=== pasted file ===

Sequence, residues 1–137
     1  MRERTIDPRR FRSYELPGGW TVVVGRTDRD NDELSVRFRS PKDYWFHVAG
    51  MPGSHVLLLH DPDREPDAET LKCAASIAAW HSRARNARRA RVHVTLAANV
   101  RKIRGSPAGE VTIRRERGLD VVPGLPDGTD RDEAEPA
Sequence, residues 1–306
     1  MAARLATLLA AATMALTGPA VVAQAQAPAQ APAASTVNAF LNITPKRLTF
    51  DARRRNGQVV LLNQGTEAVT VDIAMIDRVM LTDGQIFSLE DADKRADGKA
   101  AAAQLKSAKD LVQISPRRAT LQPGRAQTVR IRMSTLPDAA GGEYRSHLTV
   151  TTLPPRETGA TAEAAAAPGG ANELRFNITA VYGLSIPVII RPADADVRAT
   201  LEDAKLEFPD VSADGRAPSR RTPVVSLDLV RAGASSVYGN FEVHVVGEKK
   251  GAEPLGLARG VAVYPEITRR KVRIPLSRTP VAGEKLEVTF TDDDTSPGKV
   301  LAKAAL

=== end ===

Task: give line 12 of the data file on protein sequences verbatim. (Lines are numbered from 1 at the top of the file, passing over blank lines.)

   301  LAKAAL